One of the assignments given this semester was to write an artist/educator manifesto. Below is Amanda Barbee’s eloquent statement:
Art is the connection to a world outside of testing in American schools, as well as an outlet for communication, expression, and a moment to one’s own thoughts. Art is a permission that students, and luckily some adults, allow themselves in our society, sometimes even if the act of making, viewing, pondering, and witnessing art does nothing for anyone or anything else at all times. Art is a luxury, a delicacy, and a frivolity from a dedicated and purposeful life.
This is what many seem to believe, but as Rachel Goslins (2015) states, art is not a flower. Unless it would be a dandelion. But a dandelion is a weed. A dandelion can nourish with its edible roots, heal the liver with derived tinctures, and provide rich vitamins and minerals when the leaves are consumed. Viewed to be such a useless plant, the dandelion also has the most dedicated and effective pollen, possibly causing its trajectory from valued herb to plant-pest.
Art Education is viewed as such in American society. A thing to be dealt with, half-heartedly advocated for, until dollars and time become real measurable factors and the value is literally lost in numbers. Art sustains societies’ histories and values in its roots, heals burdened hearts and minds with its derived and experienced creations, and provides sustenance to the unconnected content of the brain with the relativity of life in the mind. Viewed to be an “extra” subject, Art has the most dedicated and effective educators, possibly causing art to be viewed as “easy” to incorporate, “needless” to propagate, and “unreachable” to those lacking natural art-making-talent.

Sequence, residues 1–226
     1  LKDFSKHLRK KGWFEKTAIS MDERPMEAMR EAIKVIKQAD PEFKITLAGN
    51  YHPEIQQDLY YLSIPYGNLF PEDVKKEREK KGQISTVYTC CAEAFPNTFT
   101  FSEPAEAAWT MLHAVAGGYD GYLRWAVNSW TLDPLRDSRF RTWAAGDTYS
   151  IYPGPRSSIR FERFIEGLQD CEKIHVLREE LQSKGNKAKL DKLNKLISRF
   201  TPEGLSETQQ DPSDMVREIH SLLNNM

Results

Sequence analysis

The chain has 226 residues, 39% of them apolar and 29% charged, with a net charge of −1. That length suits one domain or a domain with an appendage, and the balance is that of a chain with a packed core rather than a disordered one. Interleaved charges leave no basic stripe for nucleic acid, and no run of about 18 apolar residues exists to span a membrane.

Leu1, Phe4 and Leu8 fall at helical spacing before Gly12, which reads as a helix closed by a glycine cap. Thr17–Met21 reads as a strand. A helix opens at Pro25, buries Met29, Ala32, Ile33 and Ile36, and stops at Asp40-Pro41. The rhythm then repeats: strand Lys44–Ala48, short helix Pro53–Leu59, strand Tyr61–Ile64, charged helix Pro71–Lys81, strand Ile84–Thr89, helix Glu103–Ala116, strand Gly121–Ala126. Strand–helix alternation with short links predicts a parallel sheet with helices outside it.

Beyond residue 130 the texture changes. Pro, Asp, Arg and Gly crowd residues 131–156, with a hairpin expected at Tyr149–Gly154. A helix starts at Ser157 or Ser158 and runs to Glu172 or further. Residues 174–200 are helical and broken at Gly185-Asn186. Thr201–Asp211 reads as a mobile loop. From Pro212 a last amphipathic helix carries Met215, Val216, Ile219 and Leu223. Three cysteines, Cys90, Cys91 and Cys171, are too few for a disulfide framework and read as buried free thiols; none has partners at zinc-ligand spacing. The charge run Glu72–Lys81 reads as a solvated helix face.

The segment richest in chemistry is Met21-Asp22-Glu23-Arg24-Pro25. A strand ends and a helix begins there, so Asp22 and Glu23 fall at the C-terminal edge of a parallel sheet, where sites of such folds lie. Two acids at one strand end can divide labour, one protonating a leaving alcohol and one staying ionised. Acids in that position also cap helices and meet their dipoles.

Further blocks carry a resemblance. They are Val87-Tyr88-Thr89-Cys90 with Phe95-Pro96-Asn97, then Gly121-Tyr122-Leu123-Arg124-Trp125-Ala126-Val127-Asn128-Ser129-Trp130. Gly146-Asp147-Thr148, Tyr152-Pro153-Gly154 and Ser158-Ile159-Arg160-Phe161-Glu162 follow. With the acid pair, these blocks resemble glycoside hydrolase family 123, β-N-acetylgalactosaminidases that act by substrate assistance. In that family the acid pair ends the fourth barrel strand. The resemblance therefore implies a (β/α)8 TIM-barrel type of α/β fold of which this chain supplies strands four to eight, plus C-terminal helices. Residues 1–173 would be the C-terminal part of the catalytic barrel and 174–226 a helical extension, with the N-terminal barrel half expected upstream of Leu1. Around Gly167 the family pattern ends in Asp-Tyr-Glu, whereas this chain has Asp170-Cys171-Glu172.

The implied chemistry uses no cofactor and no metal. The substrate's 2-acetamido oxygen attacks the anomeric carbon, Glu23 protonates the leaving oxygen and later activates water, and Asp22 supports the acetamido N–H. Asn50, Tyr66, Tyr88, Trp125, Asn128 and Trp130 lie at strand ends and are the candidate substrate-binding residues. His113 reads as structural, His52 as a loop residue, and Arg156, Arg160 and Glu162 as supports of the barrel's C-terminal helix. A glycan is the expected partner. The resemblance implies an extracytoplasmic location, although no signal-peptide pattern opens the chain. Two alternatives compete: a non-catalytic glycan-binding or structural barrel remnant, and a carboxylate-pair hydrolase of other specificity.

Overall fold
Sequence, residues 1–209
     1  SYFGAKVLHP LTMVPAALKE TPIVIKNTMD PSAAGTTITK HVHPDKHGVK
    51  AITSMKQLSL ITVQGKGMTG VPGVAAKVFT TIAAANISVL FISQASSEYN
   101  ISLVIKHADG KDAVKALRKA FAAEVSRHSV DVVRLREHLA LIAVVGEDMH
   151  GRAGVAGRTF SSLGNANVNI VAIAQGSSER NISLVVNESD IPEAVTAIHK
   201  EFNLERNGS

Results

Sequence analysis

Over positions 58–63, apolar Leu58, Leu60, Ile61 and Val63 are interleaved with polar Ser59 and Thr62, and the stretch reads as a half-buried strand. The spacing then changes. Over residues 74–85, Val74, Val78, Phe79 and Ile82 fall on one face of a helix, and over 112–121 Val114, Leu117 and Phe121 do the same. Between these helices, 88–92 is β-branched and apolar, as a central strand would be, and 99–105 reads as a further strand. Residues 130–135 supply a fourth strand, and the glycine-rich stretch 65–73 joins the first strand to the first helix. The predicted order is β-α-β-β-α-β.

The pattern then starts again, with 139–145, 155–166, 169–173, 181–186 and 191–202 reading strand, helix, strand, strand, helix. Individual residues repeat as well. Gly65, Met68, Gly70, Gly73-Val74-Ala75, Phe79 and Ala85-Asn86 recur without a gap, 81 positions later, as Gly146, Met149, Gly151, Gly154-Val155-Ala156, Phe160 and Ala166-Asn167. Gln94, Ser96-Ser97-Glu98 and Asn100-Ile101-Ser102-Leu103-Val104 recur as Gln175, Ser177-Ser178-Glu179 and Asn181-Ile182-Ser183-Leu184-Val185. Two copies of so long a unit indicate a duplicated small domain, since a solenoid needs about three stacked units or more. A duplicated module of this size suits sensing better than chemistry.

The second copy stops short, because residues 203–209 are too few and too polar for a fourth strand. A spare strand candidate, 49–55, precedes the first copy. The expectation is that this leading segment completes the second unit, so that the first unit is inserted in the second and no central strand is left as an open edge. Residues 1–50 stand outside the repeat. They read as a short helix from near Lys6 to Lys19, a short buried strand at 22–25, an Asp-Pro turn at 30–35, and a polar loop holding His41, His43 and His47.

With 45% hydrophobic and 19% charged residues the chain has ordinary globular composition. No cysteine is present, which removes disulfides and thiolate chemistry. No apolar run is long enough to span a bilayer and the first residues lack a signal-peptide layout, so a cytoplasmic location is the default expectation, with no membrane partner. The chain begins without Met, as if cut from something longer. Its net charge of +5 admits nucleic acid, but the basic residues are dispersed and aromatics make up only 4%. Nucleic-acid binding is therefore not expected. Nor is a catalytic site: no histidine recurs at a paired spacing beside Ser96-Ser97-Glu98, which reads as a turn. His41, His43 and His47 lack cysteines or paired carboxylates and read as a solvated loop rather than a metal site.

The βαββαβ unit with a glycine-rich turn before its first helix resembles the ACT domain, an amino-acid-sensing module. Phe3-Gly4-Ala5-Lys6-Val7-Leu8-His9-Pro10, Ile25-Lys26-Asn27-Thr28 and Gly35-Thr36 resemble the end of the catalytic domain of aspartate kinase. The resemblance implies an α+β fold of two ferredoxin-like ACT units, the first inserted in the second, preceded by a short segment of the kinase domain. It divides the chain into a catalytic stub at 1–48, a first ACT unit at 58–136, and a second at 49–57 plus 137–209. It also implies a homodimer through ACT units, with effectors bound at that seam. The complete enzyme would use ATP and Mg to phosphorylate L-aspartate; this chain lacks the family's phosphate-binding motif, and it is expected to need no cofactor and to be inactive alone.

One need not forage, prepare, or seek to serve Art for its value to be made clear in a life. Art Education in America is occurring in unseen and possibly even unrecognized realms and on natural, organically connected levels. Art, its messages, its benefits, and its intersubjectivity, is making its way to the minds and passions of the young. Art has remained a valued companion to the old, and art is surrounding and enveloping those ensnared in a “dedicated and purposeful life” and art is becoming not only a part of the conversation, but a part of the language.
Art Education is to thank for this moment in American society, even if it is not happening at this exact juncture in our timeline. It has happened, will happen, and does happen to become dear and precious to the collective. When that thing: that feeling, that connection, that revolt, that silence, that calm, that love, that frantic, that pride, that understanding, needs to be said, but cannot, it is, was, and will be Art to bring the embodiment. Art will proliferate to become the landscape we meet on as people, and it will be resplendent.